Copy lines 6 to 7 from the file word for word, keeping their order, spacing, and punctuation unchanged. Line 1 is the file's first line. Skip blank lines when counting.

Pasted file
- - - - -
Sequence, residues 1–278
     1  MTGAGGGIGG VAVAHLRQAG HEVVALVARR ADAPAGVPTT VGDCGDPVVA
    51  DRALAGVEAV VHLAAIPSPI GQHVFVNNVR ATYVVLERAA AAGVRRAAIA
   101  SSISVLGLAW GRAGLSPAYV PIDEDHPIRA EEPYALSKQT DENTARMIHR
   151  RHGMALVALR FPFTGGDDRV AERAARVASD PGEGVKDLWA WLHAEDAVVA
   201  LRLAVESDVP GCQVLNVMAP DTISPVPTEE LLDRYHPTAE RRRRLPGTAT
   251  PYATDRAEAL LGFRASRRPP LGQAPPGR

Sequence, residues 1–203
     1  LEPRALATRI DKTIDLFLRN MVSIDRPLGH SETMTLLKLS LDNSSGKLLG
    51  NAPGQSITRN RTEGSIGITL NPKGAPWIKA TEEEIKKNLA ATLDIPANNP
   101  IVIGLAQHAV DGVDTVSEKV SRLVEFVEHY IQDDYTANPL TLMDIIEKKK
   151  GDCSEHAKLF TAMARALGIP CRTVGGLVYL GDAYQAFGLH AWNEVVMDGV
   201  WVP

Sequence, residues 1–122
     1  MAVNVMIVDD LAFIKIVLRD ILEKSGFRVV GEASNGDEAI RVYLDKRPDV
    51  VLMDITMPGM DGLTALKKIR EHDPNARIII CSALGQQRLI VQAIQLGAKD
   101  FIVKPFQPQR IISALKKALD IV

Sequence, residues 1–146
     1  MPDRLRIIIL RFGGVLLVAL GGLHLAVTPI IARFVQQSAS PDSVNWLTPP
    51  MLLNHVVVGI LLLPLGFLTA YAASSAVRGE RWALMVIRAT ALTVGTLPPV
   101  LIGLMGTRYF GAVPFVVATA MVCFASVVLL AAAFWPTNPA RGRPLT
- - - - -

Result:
   201  LRLAVESDVP GCQVLNVMAP DTISPVPTEE LLDRYHPTAE RRRRLPGTAT
   251  PYATDRAEAL LGFRASRRPP LGQAPPGR